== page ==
I wished him a “Merry Christmas” and that he had given me a gift.  I now am looking up these bands.  Here’s an example of some of this kind of music:

More importantly, he embodied a lesson: let the crazy people of the staff set the play list.  People don’t have conversations over the mainstream or what is common or even popular.  The oddities, the freaks, the folks who have found something no one else knows about- let these folks in on the background music of our communities.


P.S.- Since this post came out, this video has been sent to me.  It’s got to be included, although I don’t have any place for it so I leave it at the bottom “for the sake of art”:

Thank You Jodie’s Doctor: The Problem is Not the Problem.


“The problem is not the problem,” is an axiom that I learned from sociologists.  It’s the simple idea that what is first seen as a threat, harm, or disharmony might either be a symptom of something far worst or a distraction from the real issue.

On a macro scale, it’s a country that struggles to provide fresh water to all of its citizens- but the problem (water) is notthe problem.  Rather, the real problem is corruption, apathy, and a poor infrastructure.

On a micro sale, it’s when a family sees a priest because their youngest son, a teenager, hates going to church.  He’s angry, bored, and unpleasant.  But the problem (the young man) is notthe problem.  Rather, the fellow is shaped by the parent’s anxiety, anger, or bitterness.  He is the will to their ego (IE. Their Smerdyakov to their Ivan[1]).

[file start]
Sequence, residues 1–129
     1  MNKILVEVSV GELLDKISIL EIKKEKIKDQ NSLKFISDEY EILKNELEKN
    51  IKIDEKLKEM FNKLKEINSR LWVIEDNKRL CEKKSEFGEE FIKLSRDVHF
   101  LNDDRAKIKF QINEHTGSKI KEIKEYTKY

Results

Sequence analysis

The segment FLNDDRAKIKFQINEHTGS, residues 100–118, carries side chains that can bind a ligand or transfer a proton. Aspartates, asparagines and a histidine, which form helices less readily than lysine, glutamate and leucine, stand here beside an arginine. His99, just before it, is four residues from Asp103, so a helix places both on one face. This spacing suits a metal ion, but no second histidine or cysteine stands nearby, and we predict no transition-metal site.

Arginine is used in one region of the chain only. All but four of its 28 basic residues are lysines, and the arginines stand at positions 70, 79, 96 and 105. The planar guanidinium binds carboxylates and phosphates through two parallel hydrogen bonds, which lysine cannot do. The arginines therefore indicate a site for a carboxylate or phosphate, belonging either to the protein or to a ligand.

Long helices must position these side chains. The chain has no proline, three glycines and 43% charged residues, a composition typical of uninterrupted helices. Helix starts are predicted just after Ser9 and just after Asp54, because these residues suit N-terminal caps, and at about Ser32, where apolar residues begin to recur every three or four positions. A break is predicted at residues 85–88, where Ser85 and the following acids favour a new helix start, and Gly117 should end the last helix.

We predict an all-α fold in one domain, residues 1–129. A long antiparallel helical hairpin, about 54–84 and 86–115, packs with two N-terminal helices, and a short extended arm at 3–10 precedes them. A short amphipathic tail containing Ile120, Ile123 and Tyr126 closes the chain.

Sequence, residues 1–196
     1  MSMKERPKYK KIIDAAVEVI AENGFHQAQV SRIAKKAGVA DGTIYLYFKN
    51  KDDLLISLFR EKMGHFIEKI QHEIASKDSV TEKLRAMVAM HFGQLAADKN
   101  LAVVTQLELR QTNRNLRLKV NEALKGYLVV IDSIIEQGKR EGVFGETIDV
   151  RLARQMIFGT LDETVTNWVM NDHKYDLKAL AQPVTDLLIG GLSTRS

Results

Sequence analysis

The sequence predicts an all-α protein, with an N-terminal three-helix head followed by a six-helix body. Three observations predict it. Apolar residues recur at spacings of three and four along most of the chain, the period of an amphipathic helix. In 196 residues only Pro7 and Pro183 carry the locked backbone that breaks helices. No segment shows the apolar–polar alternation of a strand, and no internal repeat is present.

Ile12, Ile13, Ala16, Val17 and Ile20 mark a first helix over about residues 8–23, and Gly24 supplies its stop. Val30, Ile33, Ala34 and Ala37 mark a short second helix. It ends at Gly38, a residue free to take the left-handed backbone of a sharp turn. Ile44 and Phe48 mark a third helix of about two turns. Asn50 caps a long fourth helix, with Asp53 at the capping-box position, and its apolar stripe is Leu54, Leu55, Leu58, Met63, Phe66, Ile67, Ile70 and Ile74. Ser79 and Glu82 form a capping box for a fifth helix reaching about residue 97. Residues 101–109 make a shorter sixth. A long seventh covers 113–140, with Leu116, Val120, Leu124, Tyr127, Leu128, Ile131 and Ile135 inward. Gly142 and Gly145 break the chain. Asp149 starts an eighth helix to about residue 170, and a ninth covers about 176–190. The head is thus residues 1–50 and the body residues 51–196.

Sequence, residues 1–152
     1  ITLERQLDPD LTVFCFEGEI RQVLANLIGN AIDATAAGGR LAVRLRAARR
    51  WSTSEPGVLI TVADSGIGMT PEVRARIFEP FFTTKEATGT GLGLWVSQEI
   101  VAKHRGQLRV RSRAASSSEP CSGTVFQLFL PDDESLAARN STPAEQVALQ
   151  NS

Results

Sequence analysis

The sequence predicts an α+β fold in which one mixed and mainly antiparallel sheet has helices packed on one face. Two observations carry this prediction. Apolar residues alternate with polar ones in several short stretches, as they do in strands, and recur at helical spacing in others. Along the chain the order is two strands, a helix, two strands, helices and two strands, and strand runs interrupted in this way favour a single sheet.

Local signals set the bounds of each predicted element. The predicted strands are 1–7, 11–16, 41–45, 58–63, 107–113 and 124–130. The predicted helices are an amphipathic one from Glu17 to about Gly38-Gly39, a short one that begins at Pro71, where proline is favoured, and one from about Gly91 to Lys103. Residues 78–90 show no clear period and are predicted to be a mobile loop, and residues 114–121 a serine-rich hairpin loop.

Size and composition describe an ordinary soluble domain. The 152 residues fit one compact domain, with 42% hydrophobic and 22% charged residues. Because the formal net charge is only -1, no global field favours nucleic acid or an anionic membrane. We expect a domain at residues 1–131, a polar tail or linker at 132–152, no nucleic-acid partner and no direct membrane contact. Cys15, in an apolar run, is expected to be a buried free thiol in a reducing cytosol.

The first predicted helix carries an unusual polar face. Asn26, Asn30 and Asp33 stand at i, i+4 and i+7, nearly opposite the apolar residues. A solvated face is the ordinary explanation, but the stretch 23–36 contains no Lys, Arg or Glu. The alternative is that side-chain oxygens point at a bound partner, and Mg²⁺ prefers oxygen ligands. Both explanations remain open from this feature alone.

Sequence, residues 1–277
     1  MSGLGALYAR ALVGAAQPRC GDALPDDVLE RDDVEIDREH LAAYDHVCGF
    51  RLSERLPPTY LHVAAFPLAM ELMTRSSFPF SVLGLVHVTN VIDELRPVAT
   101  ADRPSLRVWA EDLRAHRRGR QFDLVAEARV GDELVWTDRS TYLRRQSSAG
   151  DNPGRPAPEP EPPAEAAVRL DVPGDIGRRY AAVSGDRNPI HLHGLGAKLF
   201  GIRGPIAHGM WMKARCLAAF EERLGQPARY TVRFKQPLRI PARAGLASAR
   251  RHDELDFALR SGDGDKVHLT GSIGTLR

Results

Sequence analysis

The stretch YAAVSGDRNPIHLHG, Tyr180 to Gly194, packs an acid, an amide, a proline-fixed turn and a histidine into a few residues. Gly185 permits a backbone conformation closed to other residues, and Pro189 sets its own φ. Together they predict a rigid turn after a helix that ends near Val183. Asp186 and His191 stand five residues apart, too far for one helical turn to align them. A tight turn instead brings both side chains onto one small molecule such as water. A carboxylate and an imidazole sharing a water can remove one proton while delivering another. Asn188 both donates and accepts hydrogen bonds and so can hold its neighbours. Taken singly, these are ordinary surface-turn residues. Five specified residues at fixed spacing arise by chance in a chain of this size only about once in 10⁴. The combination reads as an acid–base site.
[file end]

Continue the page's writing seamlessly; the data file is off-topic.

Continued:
The latest series, the Freshmen year for Jodie’s Doctor, is finished and I loved it.  There, I said it.  I was nervous going into the series, scared it wouldn’t come off right and, guess, what, I’m still on board the TARDIS.  For those who did not like this season-for whatever reason- I give you warning that I’m gonna keep on writing about my still favourite show.  And there’s no apologies to my attitude.

Doctor Who Series 11
Picture shows: The Doctor (JODIE WHITTAKER)

Every series, every arch has a theme.  For some of Matt Smith’s series, it’s “A Good Man Needs Friends” or “Everything ends”.  Even Classic Who had themes particular to their own Doctor’s.  Pertwee game us the theme: “Every life matters.”  McCoy had as one of his: “Evil undoes itself.”

I love this idea because when I look back over my own adventures, there are themes that pop up: ideas that make sense of my own life’s resolutions and explains the conflicts I undergo.

For Jodie, one of the big take away themes is “the problem is not the problem.”